Be Not Afraid
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By Emmanuel Mounier
Romano Guardini, in the wake of World War II, wrote: “The signs of the times have indicated…with all the spontaneity of a genuine symptom, that the human personality is in danger.” Diagnosing and treating the cause of this symptom was, for Emmanuel Mounier, a mission of the utmost urgency. His philosophy of personalism represented “a total effort to comprehend and outgrow the whole crisis of the twentieth-century man.” Be Not Afraid is a précis of Mounier’s thought: his critiques of materialism and scientism; his Péguy-inspired dialectic of revolution; his distrust of the structures of liberalism and dismay at the uninhibited sprawl of capitalism; and the conflict between his sympathies toward Marxism and his acceptance of the Christian gospel that “in hope we are saved.”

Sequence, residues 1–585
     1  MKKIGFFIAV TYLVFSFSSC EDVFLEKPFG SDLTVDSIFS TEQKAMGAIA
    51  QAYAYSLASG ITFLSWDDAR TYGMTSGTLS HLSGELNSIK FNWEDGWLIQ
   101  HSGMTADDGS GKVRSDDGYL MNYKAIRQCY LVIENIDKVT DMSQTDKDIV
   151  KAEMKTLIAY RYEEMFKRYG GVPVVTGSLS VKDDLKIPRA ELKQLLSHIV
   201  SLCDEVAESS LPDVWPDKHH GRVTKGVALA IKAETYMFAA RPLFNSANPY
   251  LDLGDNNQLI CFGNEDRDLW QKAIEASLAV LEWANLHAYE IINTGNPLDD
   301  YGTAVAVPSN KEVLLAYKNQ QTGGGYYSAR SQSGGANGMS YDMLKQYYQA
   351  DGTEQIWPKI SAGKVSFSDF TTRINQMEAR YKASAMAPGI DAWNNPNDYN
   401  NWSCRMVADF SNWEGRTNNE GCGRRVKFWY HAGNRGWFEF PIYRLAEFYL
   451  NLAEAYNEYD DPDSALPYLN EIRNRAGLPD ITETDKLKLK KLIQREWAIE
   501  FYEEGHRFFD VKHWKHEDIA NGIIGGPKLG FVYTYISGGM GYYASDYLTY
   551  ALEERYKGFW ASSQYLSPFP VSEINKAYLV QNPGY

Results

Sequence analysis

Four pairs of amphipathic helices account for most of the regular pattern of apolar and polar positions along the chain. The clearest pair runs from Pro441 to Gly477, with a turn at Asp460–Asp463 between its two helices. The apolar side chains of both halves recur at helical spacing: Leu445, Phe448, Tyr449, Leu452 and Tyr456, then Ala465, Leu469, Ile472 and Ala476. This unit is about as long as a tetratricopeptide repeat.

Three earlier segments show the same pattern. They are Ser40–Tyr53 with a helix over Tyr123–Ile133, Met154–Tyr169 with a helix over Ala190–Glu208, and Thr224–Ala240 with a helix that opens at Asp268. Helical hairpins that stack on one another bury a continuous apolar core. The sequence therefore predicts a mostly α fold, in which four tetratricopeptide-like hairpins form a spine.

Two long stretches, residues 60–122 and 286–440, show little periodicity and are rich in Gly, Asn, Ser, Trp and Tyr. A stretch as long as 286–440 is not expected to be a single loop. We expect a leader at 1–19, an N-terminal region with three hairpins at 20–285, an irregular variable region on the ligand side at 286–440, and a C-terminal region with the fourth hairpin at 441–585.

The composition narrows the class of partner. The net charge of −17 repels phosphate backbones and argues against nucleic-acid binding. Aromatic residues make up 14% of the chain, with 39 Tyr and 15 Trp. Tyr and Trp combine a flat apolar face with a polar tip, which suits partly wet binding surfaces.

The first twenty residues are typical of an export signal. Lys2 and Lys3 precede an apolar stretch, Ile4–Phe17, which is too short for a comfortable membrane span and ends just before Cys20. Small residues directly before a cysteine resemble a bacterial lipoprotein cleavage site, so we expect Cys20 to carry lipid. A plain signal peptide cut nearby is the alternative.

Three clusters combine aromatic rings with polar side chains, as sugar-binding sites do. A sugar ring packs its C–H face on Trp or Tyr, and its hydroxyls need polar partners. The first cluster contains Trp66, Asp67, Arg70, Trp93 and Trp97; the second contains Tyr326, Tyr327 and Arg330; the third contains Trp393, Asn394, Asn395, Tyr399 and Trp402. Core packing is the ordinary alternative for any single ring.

An impassioned appraisal of past and present, Be Not Afraid: A Denunciation of Despair sheds fulsome, at times uncomfortable, light on the life of the Western mind at the midpoint of the twentieth century.
One should add, in order to describe the whole Christian attitude, that the full series of summits is hidden from us in the unfathomable dark of history. We only know that the movement is forward, and we can sometimes see it in the main. But we cannot foretell its ways, its halts and detours. (Emmanuel Mounier)
Emmanuel Mounier (1905–1950) was a French philosopher and prominent proponent of personalism, who founded and directed the journal Esprit and wrote extensively on politics and religion, society and economics, and culture and history. His works in English include: Personalism, Existentialist Philosophies, and The Character of Man.